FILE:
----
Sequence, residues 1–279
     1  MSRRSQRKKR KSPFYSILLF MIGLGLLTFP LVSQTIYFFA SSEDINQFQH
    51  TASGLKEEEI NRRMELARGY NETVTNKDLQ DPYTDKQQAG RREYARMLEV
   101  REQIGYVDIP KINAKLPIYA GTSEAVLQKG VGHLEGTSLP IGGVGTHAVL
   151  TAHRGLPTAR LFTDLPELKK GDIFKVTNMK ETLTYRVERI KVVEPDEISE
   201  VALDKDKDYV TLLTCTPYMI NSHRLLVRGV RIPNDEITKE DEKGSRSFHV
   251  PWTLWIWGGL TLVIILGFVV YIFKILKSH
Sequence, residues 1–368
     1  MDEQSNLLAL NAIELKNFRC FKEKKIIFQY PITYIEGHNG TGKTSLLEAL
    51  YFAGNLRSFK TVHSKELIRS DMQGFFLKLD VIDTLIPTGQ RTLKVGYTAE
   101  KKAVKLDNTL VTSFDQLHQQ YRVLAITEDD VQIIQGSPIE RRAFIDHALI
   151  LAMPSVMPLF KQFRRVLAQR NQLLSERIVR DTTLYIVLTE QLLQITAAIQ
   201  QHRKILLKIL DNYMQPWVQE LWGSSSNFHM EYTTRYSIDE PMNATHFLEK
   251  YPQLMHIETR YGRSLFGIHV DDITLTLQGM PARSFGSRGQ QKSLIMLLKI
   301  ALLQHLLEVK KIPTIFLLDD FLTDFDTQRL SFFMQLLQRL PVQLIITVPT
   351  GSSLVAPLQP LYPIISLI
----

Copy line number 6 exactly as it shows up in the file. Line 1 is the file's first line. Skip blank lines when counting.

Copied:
   201  VALDKDKDYV TLLTCTPYMI NSHRLLVRGV RIPNDEITKE DEKGSRSFHV